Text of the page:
Do you think you want to be an actress for the rest of your career?
I really don’t know. Daniel and Rupert seem so sure. I don’t know. I wouldn’t want “Harry Potter” to be the last thing I do. Nothing is ever going to be quite on the scale of this. I appreciate that. And also I’ve come into acting in such a funny way. Most people who want to act have to sit through hours of auditioning and work their way up, whereas I seemed to have come straight in at the top, having had no experience at all. That’s quite a strange position to be in, but amazing at the same time because it has given me so many options and choices. I definitely would like to try other films to see what it’s like. I’d really like to try some theater, actually, because I think I would really enjoy that immediate response from an audience. I love making people laugh. I love to perform, but there are so many things I love doing. [Pauses.] Maybe that seems ungrateful. I have been given such an amazing opportunity, but I’ll just have to go with the flow and see what happens.
Well, you’re not supposed to have all the answers at 16.
Yeah, but people keep asking me, so I keep thinking I should know. [Laughs.] Everyone’s just like, “So what do you want to do with your life?” And I’m like, [sighs], ‘Right.’
Do you like the glamour aspects of this job?
The glamour aspects?
The premieres and the gowns and the hair and makeup …
It feels like I’m famous for about two weeks of the year. [Laughs.] I know it sounds strange, but it does. That glamorous part, it feels a bit like a mad surreal dream. But, yeah, I suppose I enjoy it. When you get to a city [for a premiere] you feel a bit hazy because you’ve got jet lag, and people are screaming at you, and you’re being rushed from one place to another and suddenly you’re in all these beautiful dresses. It’s a bit mad, but it’s good fun. I think what I love most is that I’ve been able to travel. If it weren’t for the “Harry Potter” movies I never would have gone to America or Europe and everything—well, not until I was older, anyway. I’ve been able to see New York. I’ve been to China, Tokyo, L.A., Chicago, all these amazing places. So that’s been really great. And flying first class, that’s an experience.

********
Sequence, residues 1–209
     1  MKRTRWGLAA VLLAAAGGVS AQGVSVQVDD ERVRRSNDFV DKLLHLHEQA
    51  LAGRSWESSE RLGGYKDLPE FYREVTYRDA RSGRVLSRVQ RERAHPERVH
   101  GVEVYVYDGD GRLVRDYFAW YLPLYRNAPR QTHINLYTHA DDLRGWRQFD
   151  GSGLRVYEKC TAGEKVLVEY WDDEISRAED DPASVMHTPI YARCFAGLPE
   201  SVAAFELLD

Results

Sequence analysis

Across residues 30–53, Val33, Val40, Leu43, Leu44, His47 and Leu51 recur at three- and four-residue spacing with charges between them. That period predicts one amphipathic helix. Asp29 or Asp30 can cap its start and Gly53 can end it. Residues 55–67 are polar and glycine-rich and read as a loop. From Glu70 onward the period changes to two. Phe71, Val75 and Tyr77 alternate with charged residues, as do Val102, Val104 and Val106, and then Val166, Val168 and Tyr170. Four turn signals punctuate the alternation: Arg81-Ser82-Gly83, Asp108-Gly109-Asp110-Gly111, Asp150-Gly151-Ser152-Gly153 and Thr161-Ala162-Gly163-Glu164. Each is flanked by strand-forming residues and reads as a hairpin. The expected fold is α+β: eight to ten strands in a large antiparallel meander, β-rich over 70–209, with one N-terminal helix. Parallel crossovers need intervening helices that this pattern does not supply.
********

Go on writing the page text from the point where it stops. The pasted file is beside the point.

It’s the best, isn’t it?
Oh, my god, you have no idea! I love little things like the airplane bags you get with all of the moisturizer and the little toothbrush. And the reclining seats! For me that has to be a highlight.
Well, Emma, it’s pretty certain you’ll never have to fly coach again.
[Laughs.] Thank you.
And how are things with dating and boys? Do you get a lot of attention from them?
People say to me, “Oh it must be so easy for you. They must be lining up for you.” It’s really not easy. It’s really not. I suppose guys are either kind of intimidated by me and have their defenses up, or they like to take the piss out of me. [Long pause, then sighs.] It’s a minefield, to be quite honest with you. Really. Ugh. It’s stressful.
It’s stressful even if you’re not famous.
I know! And then adding that into it is an interesting like extra dimension. I really like guys as friends, actually. I have about as many guy friends as girlfriends, which is kind of unusual, I suppose. But because I’m in these films, there tend to be more guys around than girls. Plus, you know, I spend so much time here. I’m here for 11 months of the year, and in the free time that I have, I feel like I’m running around between family members and trying to see the friends that I already have. So, yeah. I will just have to wait. Maybe someone will find me. We’ll see.
Well, there are a lot of cute guys working on the crew here. But I guess they’re too old for you.
Yeah. That’s my problem. I think, “Yeah, he’s really good looking, but he’s like, 25! Come on, help me out here!” So, no, that’s not really happening. [Laughs.]